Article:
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Medical emergency teams and rapid response triggers - the ongoing quest for the 'perfect' patient safety system

Authors
Journal
Critical Care
1364-8535
Publisher
Springer (Biomed Central Ltd.)
Publication Date
Volume
13
Issue
5
Identifiers
DOI: 10.1186/cc8052
Keywords
  • Letter
Disciplines
  • Biology
  • Design
  • Medicine

Abstract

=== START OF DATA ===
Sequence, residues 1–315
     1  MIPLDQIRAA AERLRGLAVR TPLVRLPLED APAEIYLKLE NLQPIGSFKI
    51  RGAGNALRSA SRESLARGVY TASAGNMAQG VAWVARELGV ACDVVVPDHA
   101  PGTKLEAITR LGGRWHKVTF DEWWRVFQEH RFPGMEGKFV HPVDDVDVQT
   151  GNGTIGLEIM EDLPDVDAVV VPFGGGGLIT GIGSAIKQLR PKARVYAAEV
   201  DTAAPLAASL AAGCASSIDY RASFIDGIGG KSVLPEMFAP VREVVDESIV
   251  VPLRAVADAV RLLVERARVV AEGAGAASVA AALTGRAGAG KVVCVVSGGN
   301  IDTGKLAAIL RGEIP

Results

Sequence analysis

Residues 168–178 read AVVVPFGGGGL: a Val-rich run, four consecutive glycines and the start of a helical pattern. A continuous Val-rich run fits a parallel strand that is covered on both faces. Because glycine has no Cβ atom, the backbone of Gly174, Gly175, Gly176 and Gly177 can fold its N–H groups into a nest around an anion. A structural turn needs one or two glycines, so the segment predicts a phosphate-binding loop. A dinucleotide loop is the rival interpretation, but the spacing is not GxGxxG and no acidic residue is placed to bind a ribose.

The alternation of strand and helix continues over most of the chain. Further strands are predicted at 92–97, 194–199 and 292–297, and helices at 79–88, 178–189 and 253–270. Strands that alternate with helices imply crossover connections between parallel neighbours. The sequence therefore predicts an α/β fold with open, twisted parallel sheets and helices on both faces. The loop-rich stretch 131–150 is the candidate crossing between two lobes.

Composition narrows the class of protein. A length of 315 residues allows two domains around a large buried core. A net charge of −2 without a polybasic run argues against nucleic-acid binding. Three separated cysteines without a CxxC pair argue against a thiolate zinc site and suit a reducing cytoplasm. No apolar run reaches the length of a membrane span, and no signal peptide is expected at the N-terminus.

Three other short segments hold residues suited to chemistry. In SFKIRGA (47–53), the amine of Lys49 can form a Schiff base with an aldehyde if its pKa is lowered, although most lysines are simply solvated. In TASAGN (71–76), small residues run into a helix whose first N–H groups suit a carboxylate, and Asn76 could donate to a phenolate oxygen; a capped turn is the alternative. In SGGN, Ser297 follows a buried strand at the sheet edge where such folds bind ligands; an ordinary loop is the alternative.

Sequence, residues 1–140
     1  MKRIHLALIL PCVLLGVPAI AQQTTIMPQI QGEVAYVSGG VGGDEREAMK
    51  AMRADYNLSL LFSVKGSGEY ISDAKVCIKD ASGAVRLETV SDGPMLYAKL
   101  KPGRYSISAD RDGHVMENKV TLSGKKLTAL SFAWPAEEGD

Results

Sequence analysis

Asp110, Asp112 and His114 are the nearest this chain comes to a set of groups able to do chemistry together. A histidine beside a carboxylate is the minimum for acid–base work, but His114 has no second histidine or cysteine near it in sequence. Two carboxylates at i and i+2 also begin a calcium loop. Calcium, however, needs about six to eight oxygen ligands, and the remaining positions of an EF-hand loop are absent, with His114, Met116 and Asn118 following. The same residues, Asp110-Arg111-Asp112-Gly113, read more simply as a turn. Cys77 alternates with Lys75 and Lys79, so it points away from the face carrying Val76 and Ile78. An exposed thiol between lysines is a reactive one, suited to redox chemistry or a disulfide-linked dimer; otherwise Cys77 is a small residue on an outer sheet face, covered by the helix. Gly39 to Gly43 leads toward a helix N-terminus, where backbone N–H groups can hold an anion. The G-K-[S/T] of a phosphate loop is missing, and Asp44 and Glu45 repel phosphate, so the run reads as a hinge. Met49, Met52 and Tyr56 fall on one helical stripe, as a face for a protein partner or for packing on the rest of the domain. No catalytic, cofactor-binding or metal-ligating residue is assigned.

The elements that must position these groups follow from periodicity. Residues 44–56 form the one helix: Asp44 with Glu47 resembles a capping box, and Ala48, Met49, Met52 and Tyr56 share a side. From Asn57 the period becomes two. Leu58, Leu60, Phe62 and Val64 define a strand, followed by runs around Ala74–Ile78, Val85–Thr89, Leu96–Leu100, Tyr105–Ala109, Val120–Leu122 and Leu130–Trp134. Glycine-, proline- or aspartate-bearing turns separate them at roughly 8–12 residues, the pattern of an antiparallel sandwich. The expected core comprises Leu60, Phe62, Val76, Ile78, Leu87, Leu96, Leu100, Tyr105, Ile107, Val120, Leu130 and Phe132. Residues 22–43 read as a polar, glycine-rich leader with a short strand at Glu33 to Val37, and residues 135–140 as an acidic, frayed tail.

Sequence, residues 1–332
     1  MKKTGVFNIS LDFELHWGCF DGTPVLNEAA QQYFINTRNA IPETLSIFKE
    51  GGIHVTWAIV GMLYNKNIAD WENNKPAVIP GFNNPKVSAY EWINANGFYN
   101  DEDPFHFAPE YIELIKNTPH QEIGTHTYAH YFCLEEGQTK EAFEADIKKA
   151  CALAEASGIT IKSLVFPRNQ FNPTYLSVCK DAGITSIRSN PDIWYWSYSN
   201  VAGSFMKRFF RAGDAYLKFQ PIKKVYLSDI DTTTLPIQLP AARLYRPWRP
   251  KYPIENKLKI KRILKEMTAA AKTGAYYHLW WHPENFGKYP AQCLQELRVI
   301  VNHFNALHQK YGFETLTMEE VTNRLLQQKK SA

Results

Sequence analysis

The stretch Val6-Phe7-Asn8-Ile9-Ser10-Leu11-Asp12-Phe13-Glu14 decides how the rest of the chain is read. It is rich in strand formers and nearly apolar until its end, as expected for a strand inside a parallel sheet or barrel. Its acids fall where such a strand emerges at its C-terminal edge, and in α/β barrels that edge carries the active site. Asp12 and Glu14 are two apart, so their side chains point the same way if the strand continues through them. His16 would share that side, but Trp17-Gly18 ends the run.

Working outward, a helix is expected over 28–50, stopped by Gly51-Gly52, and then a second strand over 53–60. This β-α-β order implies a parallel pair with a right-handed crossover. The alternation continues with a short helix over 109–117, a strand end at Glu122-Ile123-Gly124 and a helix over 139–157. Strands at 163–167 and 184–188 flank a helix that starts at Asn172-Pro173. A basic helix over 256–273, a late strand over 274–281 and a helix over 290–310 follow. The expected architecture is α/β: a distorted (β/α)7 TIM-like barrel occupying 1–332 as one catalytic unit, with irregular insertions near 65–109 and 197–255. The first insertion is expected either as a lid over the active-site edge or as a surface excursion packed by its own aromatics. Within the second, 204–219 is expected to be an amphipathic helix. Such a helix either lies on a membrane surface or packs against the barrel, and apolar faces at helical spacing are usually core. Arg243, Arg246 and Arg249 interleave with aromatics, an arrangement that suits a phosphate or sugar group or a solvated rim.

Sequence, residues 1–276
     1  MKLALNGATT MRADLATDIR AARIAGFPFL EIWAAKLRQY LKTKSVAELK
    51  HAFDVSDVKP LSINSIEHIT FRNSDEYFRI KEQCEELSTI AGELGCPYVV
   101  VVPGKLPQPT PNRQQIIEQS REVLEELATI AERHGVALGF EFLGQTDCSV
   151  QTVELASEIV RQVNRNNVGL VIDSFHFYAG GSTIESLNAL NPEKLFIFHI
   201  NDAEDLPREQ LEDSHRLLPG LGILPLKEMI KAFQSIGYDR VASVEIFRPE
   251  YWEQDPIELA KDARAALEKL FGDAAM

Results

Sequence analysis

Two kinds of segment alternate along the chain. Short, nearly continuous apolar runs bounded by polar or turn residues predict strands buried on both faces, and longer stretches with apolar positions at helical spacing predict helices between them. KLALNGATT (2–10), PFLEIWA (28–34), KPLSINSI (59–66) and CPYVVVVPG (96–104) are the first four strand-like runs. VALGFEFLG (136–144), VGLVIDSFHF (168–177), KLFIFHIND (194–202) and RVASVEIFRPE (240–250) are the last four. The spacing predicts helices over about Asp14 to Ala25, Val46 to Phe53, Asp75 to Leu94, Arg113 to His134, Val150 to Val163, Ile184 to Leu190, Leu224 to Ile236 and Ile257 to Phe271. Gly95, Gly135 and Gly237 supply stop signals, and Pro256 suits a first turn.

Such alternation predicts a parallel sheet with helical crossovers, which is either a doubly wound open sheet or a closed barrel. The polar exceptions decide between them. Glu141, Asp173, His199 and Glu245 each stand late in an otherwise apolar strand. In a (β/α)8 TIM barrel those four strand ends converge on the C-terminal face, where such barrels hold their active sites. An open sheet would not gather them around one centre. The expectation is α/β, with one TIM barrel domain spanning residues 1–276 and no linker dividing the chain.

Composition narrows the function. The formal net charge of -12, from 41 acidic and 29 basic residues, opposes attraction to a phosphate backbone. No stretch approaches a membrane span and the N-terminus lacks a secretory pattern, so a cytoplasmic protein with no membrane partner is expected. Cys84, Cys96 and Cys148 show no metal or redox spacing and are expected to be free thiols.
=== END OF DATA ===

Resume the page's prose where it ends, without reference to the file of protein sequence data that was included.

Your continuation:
CC8052-Stahel.qxd Available online http://ccforum.com/content/13/5/420 Page 1 of 1 (page number not for citation purposes) We read with interest the article by Iyengar and colleagues [1] on the impact of standardized implementation of medical emergency teams (METs) for the early identification and management of acutely deteriorating patients on the ward. The vast majority (88%) of all preventable adverse events were classified as ‘therapeutic errors’. The authors have to be commended for their proactive patient safety approach by implementation of a standardized method for root cause analysis and classification of preventable adverse events. We and others have recently proposed an alternative model to the MET, namely one based on defined clinical triggers to initiate a rapid response escalation [2-4]. A clinical triggers system overcomes the ‘classic’ limitations of the MET system, as related to an overuse of resources and the fragmentation of patient care. The clinical triggers program established at Denver Health Medical Center involves a standardized ‘afferent’ limb of patient identification based on objective, physiological response triggers for a rapid response escalation. The ‘efferent’ limb is provided by the designated primary house staff team caring for the individual patient [2,3]. While the present study [1] was not designed to address issues related to response system modalities, the root cause analysis by Iyengar and colleagues supports the rationale of a clinical triggers-based response system. As such, the therapeutic errors identified as the major determinant of preventable adverse events [1] are likely recognized and corrected in a more accurate and timely fashion by a team of providers associated with the continuum of care, as opposed to a MET, which involves people who are unfamiliar with patients’ pertinent medical conditions. These aspects should be taken into consideration in the ongoing debate and controversy about safety and efficiency of the ‘perfect’ rapi

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